Humpback whales have been stopping orcas from hunting and killing seals in what appears to be a bizarre altruistic intervention. In a review of humpback and killer whale interactions, scientists found that the latter would harass the attacking orca by charging and chasing after it, preventing them from a successful kill on many occasions.
Anecdotal reports of whales coming to the aid of other marine vertebrates in distress have become increasingly common over recent years. Many of these rescues also appear to take place when orcas are attacking. The size of humpbacks mean they have little to fear from orcas, yet the reason for their active interference is a mystery.
In a study published in the journal Marine Mammal Science, an international team of researchers led by Robert Pitman from the NOAA looked at 115 recorded encounters between the two species, looking at which initiated attacks and under what circumstances they took place.
Findings showed most interactions were initiated by the humpbacks (57%) and in 87% of the cases, the orca was attacking or feeding on prey (seals, sea lions etc). Their protection efforts paid off in 18% of the cases. When orcas attacked humpbacks, they primarily targeted calves.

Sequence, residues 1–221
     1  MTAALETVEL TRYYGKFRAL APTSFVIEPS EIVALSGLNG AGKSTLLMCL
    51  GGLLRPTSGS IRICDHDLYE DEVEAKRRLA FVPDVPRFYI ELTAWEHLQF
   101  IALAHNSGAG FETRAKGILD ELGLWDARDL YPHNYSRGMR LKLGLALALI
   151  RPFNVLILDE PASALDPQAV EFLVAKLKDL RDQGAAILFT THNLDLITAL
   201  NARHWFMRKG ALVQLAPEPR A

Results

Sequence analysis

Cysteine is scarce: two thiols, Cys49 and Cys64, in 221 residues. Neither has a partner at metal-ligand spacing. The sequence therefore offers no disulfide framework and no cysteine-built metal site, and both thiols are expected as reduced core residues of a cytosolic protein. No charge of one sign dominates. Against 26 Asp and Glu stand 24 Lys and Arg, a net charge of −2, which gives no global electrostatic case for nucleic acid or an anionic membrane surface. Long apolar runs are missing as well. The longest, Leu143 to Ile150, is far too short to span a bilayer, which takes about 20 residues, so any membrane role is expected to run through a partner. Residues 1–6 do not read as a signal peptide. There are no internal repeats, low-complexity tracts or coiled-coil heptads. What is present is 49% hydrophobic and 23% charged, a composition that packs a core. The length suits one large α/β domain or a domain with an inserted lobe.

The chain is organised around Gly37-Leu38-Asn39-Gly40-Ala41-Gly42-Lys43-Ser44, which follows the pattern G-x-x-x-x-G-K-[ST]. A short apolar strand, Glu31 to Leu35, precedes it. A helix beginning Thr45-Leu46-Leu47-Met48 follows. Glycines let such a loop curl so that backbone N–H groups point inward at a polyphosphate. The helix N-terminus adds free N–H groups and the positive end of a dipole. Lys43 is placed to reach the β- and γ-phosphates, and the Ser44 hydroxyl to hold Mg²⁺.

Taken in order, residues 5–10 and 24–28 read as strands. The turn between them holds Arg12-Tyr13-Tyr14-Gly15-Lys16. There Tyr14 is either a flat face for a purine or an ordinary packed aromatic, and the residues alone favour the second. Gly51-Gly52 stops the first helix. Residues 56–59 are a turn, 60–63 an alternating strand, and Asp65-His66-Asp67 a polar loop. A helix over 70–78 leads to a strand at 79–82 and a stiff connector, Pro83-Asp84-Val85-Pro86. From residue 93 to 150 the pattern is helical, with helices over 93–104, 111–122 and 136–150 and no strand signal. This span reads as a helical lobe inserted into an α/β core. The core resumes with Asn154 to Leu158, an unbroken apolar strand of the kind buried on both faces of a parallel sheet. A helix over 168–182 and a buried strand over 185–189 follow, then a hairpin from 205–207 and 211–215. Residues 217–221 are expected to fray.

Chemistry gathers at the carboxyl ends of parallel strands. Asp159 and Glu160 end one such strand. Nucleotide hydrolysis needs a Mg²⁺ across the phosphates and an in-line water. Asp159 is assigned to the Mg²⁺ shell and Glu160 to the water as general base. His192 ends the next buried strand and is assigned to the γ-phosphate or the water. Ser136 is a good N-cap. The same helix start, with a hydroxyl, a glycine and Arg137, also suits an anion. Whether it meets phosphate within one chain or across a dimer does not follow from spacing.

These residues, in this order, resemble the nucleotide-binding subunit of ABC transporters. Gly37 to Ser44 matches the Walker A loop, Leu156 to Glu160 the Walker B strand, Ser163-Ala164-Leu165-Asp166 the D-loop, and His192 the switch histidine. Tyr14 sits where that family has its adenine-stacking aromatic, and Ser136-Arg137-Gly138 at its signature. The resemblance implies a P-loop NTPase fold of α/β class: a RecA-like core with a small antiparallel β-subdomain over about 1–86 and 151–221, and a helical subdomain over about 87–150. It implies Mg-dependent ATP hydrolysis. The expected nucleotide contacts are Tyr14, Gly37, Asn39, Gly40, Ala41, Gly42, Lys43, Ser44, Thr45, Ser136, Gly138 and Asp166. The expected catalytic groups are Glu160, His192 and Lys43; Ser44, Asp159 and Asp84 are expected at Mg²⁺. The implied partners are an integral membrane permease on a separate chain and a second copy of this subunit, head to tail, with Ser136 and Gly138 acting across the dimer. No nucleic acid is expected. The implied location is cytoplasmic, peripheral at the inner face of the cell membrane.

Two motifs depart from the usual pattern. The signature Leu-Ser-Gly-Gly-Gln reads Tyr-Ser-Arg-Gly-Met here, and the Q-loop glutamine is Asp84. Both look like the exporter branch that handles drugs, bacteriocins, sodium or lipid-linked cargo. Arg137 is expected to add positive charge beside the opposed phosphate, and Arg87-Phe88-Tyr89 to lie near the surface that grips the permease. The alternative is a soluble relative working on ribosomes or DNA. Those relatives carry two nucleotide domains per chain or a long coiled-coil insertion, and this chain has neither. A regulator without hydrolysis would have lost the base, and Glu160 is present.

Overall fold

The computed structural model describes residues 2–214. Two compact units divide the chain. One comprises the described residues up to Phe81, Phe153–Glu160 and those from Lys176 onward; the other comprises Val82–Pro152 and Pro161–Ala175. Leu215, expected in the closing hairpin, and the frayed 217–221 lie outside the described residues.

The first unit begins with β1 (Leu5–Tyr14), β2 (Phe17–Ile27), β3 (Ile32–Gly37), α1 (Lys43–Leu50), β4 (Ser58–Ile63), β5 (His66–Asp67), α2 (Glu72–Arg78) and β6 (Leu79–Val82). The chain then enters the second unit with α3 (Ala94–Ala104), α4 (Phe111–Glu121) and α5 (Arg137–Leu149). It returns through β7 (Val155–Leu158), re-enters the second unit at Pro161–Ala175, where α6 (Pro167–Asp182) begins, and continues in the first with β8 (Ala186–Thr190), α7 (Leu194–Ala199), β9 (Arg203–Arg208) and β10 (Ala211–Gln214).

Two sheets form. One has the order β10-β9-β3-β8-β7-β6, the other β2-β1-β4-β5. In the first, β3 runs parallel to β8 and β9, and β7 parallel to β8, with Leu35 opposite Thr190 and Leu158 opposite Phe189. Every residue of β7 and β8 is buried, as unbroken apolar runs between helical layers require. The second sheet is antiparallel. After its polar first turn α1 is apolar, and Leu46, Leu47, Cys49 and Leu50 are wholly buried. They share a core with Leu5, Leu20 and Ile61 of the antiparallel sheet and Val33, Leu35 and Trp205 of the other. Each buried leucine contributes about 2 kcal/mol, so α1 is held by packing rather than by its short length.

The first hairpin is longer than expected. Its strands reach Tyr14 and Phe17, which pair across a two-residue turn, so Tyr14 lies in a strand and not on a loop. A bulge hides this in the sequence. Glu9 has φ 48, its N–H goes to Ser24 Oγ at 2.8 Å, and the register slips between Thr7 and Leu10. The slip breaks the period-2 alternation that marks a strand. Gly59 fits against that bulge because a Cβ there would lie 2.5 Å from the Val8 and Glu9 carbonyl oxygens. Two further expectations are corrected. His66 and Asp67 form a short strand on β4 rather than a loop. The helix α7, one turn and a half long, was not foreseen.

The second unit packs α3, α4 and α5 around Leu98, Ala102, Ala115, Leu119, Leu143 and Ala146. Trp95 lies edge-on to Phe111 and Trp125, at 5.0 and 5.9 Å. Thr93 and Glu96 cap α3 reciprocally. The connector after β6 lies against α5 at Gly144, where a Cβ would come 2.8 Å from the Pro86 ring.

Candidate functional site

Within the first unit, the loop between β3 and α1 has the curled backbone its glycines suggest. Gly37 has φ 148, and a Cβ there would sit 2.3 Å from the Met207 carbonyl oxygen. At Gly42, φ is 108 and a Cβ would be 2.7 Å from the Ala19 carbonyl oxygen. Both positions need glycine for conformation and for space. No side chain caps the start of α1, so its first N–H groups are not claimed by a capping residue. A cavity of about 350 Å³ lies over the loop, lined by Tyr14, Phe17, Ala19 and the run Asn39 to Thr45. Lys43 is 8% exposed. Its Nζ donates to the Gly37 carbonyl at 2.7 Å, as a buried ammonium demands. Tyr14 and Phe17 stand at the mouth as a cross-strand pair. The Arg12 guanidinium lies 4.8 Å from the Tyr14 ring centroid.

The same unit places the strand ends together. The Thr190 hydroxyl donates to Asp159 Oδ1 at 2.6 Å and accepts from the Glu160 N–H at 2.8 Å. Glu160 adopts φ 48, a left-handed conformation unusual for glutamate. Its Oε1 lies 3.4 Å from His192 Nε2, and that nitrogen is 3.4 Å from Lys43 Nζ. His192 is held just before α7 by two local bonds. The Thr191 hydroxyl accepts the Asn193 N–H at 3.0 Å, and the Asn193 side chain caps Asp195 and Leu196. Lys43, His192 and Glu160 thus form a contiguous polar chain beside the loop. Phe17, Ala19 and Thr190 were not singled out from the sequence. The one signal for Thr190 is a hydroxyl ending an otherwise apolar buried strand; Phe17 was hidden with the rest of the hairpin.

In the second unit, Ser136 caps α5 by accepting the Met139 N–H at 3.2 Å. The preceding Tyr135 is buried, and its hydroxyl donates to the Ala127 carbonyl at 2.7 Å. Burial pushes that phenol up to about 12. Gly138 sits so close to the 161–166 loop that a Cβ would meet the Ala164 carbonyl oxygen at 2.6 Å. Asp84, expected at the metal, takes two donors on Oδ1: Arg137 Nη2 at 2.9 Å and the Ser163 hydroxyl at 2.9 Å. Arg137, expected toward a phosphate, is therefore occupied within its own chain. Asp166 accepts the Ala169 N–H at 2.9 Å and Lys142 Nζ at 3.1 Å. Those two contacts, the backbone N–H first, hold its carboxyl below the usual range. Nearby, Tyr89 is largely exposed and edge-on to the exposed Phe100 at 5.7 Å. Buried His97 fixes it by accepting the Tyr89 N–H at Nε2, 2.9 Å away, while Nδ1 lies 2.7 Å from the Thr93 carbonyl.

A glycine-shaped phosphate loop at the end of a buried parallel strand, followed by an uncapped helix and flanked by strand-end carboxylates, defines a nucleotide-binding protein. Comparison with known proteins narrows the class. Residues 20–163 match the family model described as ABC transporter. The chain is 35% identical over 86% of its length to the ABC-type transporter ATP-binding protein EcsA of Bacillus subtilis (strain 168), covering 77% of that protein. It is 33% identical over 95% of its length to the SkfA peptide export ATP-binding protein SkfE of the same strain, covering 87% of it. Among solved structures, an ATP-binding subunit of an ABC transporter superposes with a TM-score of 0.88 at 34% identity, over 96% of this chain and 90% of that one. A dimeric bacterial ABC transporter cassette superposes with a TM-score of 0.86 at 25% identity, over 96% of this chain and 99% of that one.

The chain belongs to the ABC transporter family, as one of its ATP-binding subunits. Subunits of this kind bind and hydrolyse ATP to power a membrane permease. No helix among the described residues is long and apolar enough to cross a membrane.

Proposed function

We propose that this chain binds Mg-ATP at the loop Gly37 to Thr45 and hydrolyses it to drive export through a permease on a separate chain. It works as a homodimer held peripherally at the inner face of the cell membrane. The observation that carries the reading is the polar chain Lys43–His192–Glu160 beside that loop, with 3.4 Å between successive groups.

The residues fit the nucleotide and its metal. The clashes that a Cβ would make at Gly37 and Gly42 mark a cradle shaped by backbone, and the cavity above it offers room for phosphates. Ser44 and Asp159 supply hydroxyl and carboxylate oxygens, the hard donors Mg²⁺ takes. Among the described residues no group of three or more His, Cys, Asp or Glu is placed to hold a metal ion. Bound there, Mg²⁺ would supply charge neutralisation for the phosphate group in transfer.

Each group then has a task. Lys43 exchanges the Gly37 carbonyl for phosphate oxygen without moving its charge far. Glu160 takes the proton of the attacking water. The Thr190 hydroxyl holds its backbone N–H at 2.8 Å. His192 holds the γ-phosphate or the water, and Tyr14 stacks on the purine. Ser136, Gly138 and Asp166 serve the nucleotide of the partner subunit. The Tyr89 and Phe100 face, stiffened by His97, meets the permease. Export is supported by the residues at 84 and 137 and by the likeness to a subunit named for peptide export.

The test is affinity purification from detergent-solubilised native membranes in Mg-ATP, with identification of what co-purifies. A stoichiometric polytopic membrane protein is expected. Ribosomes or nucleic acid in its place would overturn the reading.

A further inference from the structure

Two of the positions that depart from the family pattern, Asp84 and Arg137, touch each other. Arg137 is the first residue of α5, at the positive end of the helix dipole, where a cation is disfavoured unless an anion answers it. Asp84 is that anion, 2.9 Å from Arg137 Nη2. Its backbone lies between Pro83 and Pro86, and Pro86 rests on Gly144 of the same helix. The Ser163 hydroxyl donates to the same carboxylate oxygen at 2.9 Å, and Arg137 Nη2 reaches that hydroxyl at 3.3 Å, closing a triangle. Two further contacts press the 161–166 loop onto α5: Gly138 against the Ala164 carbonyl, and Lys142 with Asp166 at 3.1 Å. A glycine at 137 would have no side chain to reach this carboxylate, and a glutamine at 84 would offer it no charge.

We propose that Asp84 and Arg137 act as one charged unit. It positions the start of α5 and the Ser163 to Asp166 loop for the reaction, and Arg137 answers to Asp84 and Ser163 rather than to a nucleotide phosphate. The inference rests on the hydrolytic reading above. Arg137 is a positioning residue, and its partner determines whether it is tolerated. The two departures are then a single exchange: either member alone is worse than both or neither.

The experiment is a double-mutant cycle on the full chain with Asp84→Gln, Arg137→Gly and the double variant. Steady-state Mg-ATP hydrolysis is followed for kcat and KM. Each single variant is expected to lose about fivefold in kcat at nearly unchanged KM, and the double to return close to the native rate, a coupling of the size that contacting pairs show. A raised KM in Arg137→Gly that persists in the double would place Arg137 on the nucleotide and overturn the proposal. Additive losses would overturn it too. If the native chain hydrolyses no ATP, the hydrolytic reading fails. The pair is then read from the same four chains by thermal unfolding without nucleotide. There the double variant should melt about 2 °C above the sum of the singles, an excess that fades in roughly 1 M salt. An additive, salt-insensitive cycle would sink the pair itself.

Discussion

In their encounters where the humpbacks initiated the interactions, they would behave offensively, charging at the orcas and chasing them. They would slap their flippers and tails and bellow – "very loud exhalations humpbacks make when they are excited", they researchers wrote.
The team said that while the threat of injury to the humpbacks is minimal, interactions "did come at a cost". "In addition to disruption of their normal behaviours (e.g., feeding, resting, socialising), they sometimes travelled distances of up to 2km to approach killer whales," the study said. "They often responded vigorously and aggressively and sometimes for extended periods of time: interactions regularly lasted more than one hour and up to almost seven hours.
"Particularly puzzling was the fact that when humpbacks approached attacking [orcas], and the species of prey was identified. 85% of the time it was a species other than a humpback whale, but the approaching humpbacks often continued their interactions or harassment regardless of the prey species."
Discussing the purpose, scientists believe the humpbacks are displaying interspecific altruism. They think the humpbacks respond to the sound of an attacking orca before they know the species. When they arrive, they may offer assistance to remind the orca of their strength. As a result this may put orca off hunting humpback calves in the future.
To find out to exact reason for this apparent altruism, further research will be required. "Although reciprocity or kin selection might explain communal defence of conspecific calves, there was no apparent benefit to humpbacks continuing to interfere when other species were being attacked. Interspecific altruism, even if unintentional, could not be ruled out. We suggest that humpbacks providing benefits to other potential prey species ... could be a focus of future research into possible genetic or cultural drivers of interspecific altruism."